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Semaglutide plus intensive behavioral therapy was found to be associated with substantial, sustained, and clinically relevant mean weight loss compared with placebo in overweight or obese adults without type 2 diabetes, according to research presented at the 30th Annual Scientific and Clinical Congress of the American Association of Clinical Endocrinologists (ENVISION 2021).
In a post hoc subgroup analysis of the STEP 3 trial (ClinicalTrials.gov Identifier: NCT03611582), investigators sought to determine whether participants’ baseline characteristics and weight history would affect weight loss with semaglutide, a glucagon-like peptide-1 receptor agonist, compared with placebo plus intensive behavioral therapy. Adults without type 2 diabetes and with obesity or who were overweight and had 1 or more weight-related comorbidity were randomly assigned 2:1 to intensive behavioral therapy plus either once-weekly semaglutide 2.4 mg administered subcutaneously or placebo for 68 weeks. Weight loss distribution was assessed in 498 participants who were on treatment and had a body weight measurement at week 68; 334 participants were in the semaglutide group and 164 were in the placebo group.
The study authors analyzed mean weight loss percentage according to subgroups of baseline characteristics and weight history with use of a mixed model for repeated measurements in the overall cohort from STEP 3. Participants were categorized according to baseline age, sex, race, ethnicity, body weight, body mass index (BMI), and weight history obtained from a self-report questionnaire.
Participants’ overall mean age was 46 years (81% women), with a mean body weight of 105.8 kg and a mean BMI of 38.0 kg/m2.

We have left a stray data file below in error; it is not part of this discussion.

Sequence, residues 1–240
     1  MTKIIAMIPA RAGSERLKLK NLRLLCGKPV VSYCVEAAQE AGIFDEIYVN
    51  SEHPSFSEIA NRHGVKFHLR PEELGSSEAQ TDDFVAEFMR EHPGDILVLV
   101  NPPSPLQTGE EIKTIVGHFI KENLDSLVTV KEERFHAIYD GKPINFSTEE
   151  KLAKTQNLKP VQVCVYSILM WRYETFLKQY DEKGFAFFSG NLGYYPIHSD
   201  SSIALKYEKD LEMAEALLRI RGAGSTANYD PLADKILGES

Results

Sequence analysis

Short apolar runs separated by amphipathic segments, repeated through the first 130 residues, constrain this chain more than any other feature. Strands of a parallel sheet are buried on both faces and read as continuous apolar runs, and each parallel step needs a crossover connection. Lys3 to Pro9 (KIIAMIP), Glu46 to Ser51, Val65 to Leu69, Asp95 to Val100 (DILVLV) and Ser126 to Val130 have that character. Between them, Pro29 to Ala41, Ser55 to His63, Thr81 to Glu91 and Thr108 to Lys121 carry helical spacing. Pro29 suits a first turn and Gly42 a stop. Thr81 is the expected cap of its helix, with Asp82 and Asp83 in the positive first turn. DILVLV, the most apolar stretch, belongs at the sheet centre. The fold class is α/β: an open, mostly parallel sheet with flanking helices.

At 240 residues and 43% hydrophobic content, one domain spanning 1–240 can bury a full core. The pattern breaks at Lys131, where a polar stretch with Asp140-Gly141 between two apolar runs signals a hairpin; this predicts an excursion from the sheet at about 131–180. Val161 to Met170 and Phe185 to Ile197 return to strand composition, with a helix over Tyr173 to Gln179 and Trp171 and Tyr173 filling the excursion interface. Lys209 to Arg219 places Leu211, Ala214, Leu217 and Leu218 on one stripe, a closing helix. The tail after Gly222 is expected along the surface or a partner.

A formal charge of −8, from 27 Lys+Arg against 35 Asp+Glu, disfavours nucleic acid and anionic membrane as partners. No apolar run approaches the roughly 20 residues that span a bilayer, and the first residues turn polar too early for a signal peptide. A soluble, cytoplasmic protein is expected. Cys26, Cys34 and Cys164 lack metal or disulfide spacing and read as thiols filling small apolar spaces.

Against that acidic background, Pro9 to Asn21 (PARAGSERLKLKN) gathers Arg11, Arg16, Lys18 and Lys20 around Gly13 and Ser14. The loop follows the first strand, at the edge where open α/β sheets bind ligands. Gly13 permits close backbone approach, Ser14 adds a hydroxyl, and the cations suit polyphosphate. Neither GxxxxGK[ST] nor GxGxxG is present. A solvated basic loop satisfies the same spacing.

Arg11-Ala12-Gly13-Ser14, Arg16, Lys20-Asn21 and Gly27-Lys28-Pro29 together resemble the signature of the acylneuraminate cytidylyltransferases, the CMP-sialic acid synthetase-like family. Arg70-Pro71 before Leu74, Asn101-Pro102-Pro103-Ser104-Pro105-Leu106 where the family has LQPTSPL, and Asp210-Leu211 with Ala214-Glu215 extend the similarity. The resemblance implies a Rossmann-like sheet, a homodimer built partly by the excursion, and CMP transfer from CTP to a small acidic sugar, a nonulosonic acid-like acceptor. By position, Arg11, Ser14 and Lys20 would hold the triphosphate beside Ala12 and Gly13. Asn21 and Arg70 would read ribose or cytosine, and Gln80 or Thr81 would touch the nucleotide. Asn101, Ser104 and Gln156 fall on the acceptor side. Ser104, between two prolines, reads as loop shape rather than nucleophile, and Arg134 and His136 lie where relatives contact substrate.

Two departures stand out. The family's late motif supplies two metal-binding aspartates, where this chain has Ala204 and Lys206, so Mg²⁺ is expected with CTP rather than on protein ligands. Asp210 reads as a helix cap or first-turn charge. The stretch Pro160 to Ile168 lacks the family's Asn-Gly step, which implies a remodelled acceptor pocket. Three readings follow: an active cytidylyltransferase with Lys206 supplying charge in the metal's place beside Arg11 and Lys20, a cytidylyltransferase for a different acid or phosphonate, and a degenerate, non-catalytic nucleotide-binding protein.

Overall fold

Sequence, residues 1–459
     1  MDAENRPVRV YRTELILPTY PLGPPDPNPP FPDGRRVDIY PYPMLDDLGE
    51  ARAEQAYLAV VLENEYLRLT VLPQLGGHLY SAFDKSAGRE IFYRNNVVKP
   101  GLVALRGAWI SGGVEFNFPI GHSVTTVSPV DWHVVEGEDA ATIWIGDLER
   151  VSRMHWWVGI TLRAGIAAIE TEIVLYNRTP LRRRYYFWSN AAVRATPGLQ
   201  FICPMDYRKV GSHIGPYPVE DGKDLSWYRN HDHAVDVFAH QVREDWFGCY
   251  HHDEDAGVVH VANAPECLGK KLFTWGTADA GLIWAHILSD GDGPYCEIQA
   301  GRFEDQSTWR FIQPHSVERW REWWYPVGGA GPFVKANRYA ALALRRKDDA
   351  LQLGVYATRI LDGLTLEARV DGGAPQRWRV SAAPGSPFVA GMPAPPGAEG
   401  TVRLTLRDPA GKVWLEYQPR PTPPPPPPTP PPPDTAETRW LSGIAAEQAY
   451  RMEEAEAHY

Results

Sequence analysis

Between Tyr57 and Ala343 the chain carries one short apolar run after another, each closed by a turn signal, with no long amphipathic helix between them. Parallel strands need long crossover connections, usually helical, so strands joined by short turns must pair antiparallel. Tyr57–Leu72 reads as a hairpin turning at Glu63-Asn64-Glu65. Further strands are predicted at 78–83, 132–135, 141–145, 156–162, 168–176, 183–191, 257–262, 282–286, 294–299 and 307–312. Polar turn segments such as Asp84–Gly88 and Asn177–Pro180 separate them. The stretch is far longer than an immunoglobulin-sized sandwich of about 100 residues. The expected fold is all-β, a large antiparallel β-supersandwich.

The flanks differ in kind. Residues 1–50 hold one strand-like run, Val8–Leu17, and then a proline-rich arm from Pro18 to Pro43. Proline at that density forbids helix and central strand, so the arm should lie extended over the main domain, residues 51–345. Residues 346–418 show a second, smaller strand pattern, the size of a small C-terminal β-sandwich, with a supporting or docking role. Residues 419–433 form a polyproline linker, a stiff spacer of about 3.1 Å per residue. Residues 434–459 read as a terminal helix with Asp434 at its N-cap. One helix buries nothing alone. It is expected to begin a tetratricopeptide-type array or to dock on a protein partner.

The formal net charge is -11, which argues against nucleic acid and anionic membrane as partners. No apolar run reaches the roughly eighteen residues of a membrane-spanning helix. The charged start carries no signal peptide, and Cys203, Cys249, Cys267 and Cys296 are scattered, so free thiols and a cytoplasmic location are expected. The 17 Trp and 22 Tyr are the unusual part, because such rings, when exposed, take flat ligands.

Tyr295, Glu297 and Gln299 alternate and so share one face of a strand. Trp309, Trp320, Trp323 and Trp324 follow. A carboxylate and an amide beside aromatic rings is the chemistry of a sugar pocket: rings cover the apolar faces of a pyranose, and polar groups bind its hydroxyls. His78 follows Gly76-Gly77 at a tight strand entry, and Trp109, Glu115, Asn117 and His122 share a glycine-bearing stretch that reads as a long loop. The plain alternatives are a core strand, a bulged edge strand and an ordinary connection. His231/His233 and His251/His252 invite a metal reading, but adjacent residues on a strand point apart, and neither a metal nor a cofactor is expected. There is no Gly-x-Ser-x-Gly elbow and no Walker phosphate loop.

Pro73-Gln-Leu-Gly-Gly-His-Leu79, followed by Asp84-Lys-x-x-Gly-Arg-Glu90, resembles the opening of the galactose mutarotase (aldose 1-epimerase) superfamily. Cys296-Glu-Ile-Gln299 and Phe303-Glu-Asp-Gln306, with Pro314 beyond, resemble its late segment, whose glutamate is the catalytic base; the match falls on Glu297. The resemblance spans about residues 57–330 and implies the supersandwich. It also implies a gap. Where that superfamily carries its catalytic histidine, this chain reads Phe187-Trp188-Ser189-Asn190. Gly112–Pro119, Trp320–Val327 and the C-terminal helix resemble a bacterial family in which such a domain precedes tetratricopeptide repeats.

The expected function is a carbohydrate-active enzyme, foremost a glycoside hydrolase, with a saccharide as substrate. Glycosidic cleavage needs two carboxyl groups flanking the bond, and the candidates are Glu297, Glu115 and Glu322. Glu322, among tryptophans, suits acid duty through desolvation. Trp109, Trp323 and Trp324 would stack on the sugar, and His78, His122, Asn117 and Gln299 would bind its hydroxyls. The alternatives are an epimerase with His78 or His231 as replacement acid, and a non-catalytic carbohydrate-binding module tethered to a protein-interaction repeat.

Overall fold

The researchers found greater proportions of patients treated with semaglutide in the higher weight loss categories compared with those who received placebo. Participants with at least a 20% weight loss included 38.6% of the semaglutide group compared with 4.3% of the placebo group. Participants who had 15% to less than 20% weight loss included 21% of the semaglutide group and 8.5% of the placebo group.
At week 68, the mean percentage of weight loss was significantly greater in patients who used semaglutide compared with placebo regarding all baseline clinical characteristic subgroups including age, sex, race, ethnicity, body weight, and BMI (P <.01 for treatment differences).
The mean percentage of weight loss was significantly greater among those who received semaglutide vs placebo in all subgroups defined by weight history: age of onset, maximum pretrial-to-trial baseline weight, weight cycling, and family history (P <.01 for treatment differences). Similar treatment effects were found among the weight-history subgroups, with semaglutide treatment leading with 15.2% to 18.8% weight loss at week 68 compared with 2.7% to 7.6% with placebo.
No significant subgroup interactions were observed for any parameter other than BMI (interaction P =.01 for BMI, P >.05 for all other parameters).
“Clinical baseline characteristics and weight history had minimal effects on weight loss with semaglutide, suggesting potential benefits of this treatment for a wide range of people with overweight or obesity,” the investigators concluded.
Disclosures: The trial was sponsored by Novo Nordisk. One of the authors of the abstract of the poster is affiliated with Novo Nordisk A/S. Please see the original reference for a full list of disclosures.
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Garvey WT, Hesse D, Holst-Hansen T, et al. Once-weekly subcutaneous semaglutide 2.4 mg plus intensive behavioral therapy produces clinically meaningful weight loss in adults with overweight/obesity regardless of baseline characteristics and weight history. Presented at: 2021 AACE Virtual Annual Meeting, May 26-29, 2021.